The Kaepernick effect further divides our country
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Come November, either Donald TrumpDonald TrumpAt center of Qatar crisis, a billion ransom Chaffetz: Threats against lawmakers should be taken seriously Warren cautions Dems against infighting MORE or Hillary ClintonHillary Rodham ClintonTrump: 'Why no action' from Obama on Russian meddling? Trump notes 'election meddling by Russia' in tweet criticizing Obama Former Obama advisor calls Fox ‘state sanctioned media’ MORE may have to deal with a national problem more serious than ISIS, Russia, health care, taxes, or sexual assault in the military. They may have another Civil War on their hands.

In a recently published op-ed article in the Salt Lake Tribune, Sunday, September 4, 2016, I suggested that San Francisco 49er quarterback, Colin Kaepernick, was wrong to sit on the sidelines in protest during the playing of the National Anthem.

It’s a small thing that could be accepted accordingly or even overlooked, but the broadcast media tends to inherently amplify this action giving it a status equal to the game itself. Which I am sure is the intention.

In my view, however, this is disrespectful to the country that has given him the opportunity to become a successful sports hero and role model to millions of kids. Not to mention just plain disrespectful to America and other Americans, some who have given their lives for the country. And disruptive to those who just want to watch a football game.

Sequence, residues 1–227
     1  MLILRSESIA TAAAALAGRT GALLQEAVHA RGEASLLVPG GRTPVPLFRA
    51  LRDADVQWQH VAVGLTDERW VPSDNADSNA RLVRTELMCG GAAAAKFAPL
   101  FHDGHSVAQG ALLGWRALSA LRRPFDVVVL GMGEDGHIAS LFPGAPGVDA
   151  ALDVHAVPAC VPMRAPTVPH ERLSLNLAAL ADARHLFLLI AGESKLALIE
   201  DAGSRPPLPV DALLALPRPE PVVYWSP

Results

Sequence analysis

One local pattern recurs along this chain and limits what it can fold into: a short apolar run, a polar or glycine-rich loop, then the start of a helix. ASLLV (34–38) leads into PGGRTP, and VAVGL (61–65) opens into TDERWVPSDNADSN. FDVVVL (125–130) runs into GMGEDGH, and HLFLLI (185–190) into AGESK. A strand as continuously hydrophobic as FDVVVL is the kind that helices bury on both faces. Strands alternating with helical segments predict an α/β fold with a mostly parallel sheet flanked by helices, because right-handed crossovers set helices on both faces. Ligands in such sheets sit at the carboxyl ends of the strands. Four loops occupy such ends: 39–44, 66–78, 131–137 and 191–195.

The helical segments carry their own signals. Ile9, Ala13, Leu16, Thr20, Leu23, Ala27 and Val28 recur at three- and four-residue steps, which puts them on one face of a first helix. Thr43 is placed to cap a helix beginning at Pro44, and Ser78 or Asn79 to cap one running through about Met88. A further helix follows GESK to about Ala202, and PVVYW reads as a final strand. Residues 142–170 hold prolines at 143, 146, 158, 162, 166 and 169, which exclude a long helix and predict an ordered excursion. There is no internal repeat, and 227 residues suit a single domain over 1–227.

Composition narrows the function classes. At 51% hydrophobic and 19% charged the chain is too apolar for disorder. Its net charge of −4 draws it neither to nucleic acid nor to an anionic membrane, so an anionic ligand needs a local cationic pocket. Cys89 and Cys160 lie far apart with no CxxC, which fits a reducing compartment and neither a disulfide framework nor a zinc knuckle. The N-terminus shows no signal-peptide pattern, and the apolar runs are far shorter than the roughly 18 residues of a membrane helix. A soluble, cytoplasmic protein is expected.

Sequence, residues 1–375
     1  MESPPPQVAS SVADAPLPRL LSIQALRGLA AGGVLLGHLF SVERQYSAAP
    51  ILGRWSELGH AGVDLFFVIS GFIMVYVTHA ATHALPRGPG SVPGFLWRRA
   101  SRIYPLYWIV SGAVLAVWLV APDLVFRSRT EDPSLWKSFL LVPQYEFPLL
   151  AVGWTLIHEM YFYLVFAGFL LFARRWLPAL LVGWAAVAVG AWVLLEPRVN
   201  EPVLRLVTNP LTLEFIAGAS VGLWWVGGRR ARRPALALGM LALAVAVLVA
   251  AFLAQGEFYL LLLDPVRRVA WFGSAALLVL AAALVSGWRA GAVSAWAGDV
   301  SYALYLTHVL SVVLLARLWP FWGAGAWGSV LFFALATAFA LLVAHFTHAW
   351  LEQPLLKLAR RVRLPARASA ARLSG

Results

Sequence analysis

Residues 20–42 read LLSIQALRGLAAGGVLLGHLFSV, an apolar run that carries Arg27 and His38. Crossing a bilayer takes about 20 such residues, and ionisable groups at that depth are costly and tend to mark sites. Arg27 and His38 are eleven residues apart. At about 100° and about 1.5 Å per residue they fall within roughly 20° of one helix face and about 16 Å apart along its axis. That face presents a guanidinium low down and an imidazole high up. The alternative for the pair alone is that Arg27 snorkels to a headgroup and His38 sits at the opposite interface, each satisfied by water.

Kaepernick by default has a greater responsibility that he needs to think through and understand. Making everyone uncomfortable during a party never goes over well.   

Just as the San Francisco 49er uniform and logo are symbolic of the imagery and history of a great NFL team, so are the American flag, the National Anthem, the Statue of Liberty, and the Liberty Bell.

They're all symbolic of the culture and great country we all also share, and they should not be disrespected or defaced in a public protest, especially, by a fellow American, and especially by a celebrity with a powerful voice and image such as Kaepernick.

No more than the very uniform and 49er logo Kaepernick wears should be disrespected. People buy his likeness and uniform. Kids adorn themselves with it.   

It just seems wrong. There are other ways to aim a protest that actually accomplish something toward solving the problem, not intensifying it. How has America and America’s National Anthem hurt Kaepernick? He should stand in respect like everyone else, even if it’s dumb and he doesn’t want to.

He could give his year’s salary to Black Lives Matter if he really wants to do something positive and make headlines.   

I get it that Kaepernick’s celebrity and a stadium audience of 80,000 unsuspecting fans and a worldwide television audience of millions is the perfect venue to pull this stunt and introduce himself and his cause to the world.

However, is he thinking about the folks watching that just want to enjoy the football game they paid for? What a distraction! A downer. 

There are plenty of television commercials and stadium commercial distractions enough to break the continuity of the game without having to burden the fans with another distraction, albeit an amusing and controversial aside to the fanfare.

His bringing attention to the fact that some African-Americans are mistreated is well intended and well received, but not necessary to someone who just wants to enjoy a football game on their day off or over a cold beer at home. The game is a break from the reality of life from which we are all seeking a few hours reprieve.